By working collectively on the poor neighbourhoods we seem to have forgotten about the small villages struggling to survive, and the old industrial cities which have lost their soul. We can use the successes of the regenerated industrial quarters of Lille (France), Katowice (Poland) and Manchester (United Kingdom) as promising examples. We must also replace mass tourism with more sustainable and responsible forms by, for instance, promoting lesser-known destinations to spread visitors more evenly across Europe. Civil society organisations, driven by local communities and the general public, are perfectly positioned to lead the revitalisation of Europe’s cultural heritage. Obviously, we cannot save every site or every monument with public money alone. We must unlock the potential of the private sector for the revival and transformation of Europe's heritage.
Europa Nostra1 – the organisation of which I am Executive President – has studied, protected, celebrated and promoted heritage on a European scale for more than 55 years. In the Paris Manifesto2, published on 30 October 2019, representatives of the world of cultural heritage, facilitated by Europa Nostra, asserted that our shared cultural heritage needs to be at the heart of the European project. Without it, Europe would not and could not exist. It is the underlying reason of what it means to be European. This is also the core of what Europa Nostra stands for, our raison d'être.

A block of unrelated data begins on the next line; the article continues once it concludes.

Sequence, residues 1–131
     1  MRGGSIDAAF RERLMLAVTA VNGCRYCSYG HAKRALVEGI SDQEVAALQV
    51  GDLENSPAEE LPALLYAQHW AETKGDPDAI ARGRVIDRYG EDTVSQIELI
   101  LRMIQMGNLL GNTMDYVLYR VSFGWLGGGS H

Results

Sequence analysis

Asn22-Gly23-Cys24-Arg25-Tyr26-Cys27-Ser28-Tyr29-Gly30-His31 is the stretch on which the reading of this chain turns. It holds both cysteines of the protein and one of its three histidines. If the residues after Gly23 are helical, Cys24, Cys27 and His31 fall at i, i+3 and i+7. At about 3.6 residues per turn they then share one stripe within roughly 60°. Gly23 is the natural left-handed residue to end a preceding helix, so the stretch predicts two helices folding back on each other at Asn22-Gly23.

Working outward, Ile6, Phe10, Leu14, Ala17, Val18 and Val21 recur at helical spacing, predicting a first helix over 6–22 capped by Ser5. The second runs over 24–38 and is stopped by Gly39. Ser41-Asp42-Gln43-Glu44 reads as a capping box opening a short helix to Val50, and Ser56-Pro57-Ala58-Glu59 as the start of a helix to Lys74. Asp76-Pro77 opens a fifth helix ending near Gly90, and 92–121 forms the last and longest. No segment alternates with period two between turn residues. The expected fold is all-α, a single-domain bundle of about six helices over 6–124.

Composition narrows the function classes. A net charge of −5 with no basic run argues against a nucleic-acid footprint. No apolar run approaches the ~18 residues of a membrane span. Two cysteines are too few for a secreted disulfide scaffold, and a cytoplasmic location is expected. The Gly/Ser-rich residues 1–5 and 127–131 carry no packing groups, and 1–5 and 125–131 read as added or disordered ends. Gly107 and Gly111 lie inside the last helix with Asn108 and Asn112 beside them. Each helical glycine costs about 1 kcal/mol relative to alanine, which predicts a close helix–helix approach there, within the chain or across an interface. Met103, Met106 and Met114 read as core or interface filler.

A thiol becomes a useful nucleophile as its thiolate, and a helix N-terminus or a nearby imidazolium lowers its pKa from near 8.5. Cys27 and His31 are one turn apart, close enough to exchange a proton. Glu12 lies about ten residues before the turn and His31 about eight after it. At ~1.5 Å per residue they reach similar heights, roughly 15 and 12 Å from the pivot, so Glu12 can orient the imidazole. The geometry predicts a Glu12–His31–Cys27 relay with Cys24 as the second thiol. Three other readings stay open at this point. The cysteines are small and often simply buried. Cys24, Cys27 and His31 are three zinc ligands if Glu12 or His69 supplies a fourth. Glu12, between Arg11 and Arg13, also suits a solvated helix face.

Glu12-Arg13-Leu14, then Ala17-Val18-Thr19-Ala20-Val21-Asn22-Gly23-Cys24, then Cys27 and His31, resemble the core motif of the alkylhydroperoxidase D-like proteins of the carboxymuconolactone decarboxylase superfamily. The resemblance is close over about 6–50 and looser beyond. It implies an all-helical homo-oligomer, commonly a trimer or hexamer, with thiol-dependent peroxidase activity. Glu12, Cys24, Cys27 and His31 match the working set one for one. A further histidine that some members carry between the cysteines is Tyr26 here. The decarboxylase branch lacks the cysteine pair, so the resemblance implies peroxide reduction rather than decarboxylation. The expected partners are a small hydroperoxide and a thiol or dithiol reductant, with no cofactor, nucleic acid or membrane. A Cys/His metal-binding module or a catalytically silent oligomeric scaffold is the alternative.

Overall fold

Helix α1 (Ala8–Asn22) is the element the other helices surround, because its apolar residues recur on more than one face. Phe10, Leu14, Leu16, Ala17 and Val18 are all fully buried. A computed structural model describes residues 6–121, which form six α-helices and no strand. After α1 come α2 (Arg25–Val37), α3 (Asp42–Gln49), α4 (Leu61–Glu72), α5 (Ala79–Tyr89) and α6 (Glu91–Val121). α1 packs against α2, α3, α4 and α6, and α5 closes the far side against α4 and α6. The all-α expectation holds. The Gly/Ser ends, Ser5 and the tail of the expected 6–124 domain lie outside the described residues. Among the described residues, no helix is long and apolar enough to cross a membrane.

As the International Centre for the Study of the Preservation and Restoration of Cultural Property also stated in a recent article What Constitutes a Good Life3: “While there may be tacit recognition that culture contributes to wellbeing, from a policy point of view this consideration is still in its infancy. [...] When culture is reduced to a recreational pastime, when we fail to recognise heritage as a way of life that links both livelihood and identity, opportunities to enhance meaning and value in our lives are lost.” On 9 May 2020, Europe Day, the European Heritage Alliance published another manifesto: Cultural Heritage: a powerful catalyst for the future of Europe4. This manifesto shows seven interconnected ways to achieve positive societal change through cultural heritage: 1. Healing Europe; 2. Being Europe; 3. Digitally Transforming Europe; 4. Greening Europe; 5. Regenerating Europe; 6. Experiencing Europe; 7. Embracing the World. It reflects the firm belief of the European Heritage Alliance that Europe must respond to the COVID-19 pandemic with the long-needed and far-reaching transformation of our way of life.